Prenuptial Agreements are Ideally Future Tense.
Prenuptial agreements should be recognized as more important to matrimonial harmony than marital settlement agreements, the latter being entered into only when the parties have decided to separate but have failed to prepare a prenuptial agreement.
Today’s couples who are planning to get married should seriously consider preparing a prenuptial agreement.
For many, however, the very idea of a prenuptial agreement evokes the idea of mistrust and faltering commitment to the relationship. After all, many years ago, many states prohibited prenuptial agreements, because their legislators believed that these agreements encouraged divorce among married couples. And many of today’s narratives in our culture contain the theme of one economically-advantaged party, about to wed a not-so-advantaged fiancé, who proposes to the fiancé that they prepare a “prenup,” and the immediate implication to most is that in making such a proposal the former party is manifesting weak commitment to the permanence of the marriage. Because, the attitude goes, who needs a prenup if the parties are committed to living happily ever after?
One should think of the “prenuptial agreement” as more of a plan than as a “settlement agreement.”
History has shown that divorce is an increasingly undeniable possibility, however remote that possibility may be. Also undeniable is the consideration that trying to settle our affairs when ending the marriage is often a far thornier proposition than trying to plan for this possibility as part of the preparation for the marriage.
The term, “settlement,” refers to something done to resolve a dispute. The idea of a prenup is to avoid or minimize disputes, rather than to find oneself confronted (and confounded) by them.
For this reason, the idea of prenuptial agreements should not be thought of as something available exclusively for the benefit of the wealthy. On the other hand, the wealthy party is in a better position to think about the spouse’s future financial welfare while preserving his or her own assets. A prenup should be recognized by any couple as a planning tool that enables and encourages them to think ahead and to intelligently chart the future of their relationship. A couple able to adopt this viewpoint can begin to think creatively about that future and can progress in that thinking toward win-win outcomes.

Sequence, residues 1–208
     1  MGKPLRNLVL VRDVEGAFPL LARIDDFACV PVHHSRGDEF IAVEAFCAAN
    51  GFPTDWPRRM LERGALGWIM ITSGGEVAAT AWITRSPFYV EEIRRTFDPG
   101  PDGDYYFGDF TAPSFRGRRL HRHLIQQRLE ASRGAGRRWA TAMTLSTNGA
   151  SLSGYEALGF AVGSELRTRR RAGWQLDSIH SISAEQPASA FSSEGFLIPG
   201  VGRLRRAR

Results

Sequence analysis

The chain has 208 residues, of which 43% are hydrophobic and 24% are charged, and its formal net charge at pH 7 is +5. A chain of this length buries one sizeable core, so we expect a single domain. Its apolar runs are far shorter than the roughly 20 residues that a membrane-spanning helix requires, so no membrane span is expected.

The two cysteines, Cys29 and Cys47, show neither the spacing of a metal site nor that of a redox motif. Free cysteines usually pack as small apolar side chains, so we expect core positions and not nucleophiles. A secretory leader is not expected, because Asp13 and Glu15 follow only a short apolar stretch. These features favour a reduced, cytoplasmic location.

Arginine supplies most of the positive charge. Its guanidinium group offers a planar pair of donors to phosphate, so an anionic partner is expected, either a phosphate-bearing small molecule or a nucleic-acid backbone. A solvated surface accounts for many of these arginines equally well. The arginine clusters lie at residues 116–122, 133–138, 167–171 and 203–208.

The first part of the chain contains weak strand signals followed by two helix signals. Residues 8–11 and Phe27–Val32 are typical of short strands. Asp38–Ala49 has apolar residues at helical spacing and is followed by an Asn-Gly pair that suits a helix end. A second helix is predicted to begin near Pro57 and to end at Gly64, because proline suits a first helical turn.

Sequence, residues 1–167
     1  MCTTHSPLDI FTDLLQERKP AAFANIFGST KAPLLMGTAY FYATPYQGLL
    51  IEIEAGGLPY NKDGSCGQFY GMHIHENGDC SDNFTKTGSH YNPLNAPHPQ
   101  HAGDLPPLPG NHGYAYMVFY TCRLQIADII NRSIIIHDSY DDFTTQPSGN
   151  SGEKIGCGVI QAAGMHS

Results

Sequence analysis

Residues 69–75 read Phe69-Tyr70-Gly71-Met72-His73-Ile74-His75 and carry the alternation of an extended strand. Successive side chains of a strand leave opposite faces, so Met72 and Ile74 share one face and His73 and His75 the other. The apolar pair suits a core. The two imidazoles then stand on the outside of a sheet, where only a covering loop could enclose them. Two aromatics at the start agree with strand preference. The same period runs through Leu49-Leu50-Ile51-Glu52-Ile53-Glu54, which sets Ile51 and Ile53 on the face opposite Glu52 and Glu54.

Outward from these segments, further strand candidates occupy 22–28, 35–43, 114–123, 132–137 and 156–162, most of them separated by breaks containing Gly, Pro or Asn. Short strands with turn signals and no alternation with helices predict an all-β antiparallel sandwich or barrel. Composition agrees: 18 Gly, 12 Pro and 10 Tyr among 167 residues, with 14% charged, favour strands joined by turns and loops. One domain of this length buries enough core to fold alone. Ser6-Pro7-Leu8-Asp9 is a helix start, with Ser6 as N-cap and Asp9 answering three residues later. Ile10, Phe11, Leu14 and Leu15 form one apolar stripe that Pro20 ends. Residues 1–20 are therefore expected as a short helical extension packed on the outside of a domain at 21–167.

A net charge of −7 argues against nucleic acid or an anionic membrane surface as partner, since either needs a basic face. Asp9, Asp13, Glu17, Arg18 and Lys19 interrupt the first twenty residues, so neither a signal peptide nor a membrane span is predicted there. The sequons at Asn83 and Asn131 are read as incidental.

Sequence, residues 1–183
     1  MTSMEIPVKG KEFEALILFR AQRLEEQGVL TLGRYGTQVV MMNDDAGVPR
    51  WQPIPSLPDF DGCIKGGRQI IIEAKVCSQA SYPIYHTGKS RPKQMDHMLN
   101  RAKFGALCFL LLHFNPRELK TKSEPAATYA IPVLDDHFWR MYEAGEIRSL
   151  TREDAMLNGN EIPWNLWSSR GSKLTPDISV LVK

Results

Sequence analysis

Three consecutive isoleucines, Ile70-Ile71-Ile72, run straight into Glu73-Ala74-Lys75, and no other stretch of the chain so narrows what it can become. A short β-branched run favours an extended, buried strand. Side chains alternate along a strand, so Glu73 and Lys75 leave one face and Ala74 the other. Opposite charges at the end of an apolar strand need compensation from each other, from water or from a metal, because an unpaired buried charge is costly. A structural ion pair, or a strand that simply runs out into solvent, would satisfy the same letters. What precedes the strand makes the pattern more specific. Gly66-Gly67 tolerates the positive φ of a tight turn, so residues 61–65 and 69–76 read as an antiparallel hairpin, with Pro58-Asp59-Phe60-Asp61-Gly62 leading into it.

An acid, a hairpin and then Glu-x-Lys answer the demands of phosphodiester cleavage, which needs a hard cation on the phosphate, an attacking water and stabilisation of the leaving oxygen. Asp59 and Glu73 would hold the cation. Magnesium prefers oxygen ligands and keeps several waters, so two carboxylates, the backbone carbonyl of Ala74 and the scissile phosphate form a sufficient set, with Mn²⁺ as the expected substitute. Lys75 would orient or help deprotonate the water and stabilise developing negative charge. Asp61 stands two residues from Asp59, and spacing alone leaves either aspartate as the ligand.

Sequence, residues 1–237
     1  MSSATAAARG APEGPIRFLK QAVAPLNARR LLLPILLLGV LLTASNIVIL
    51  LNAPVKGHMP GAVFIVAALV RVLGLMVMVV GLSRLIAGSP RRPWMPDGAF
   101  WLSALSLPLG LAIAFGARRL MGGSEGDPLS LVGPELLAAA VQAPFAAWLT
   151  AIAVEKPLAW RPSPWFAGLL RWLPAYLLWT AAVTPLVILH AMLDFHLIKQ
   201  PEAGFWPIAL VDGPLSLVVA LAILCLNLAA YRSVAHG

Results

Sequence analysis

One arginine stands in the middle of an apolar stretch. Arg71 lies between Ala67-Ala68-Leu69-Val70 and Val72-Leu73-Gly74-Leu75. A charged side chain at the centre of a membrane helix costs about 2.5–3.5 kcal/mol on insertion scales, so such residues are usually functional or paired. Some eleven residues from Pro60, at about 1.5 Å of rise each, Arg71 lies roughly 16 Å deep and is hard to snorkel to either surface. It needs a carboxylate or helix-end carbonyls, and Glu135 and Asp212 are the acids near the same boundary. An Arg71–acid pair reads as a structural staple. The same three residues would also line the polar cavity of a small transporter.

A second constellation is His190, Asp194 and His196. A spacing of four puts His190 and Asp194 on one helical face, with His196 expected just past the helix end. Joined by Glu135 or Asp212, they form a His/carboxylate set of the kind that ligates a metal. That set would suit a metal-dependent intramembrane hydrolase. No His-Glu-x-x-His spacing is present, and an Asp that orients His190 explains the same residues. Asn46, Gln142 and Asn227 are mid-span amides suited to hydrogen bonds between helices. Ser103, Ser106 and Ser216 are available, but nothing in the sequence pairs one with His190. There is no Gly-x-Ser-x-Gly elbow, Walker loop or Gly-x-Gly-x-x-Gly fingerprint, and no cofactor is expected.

The challenge has to do with both parties being willing to confront the theoretical possibility of a future separation while maintaining concern for the future well-being of the person he or she loves most passionately right now. Think, for example, of how many issues may arise when trying to negotiate a settlement agreement ending the marriage. Issues that, without planning, are not likely to be considered until after the fact of a painful separation.
The plan should start with the parties in the marriage organizing their relationships as family members. What hats are each going to wear? As providers; as parents; as members of a family? Is one spouse going to work and support the family to give the other spouse time to study and become more financially able? Or, similarly, is one going to be a stay-at-home, full time parent while the other is out earning the daily bread? The variations, of course, are nearly infinite. These are roles newlyweds usually adopt in some manner. Unfortunately, however, this is something the parties usually arrive at as a matter of course, rather than something creatively thought out, and adopted as a matter of policy.
Then, once this is done, how will these posts be addressed should the parties separate? And how will such contributions be valuated and how will each family member be provided for? Again, policy should be set, with the goal being achieving the optimum long-range survival of each family member.
How much more likely, under these circumstances of planning, is each party to give serious attention to—and concern for—the needs, wants and welfare of the other family members, than when caught in the emotional conflicts of trying to negotiate an after-the-fact, dissolution settlement agreement?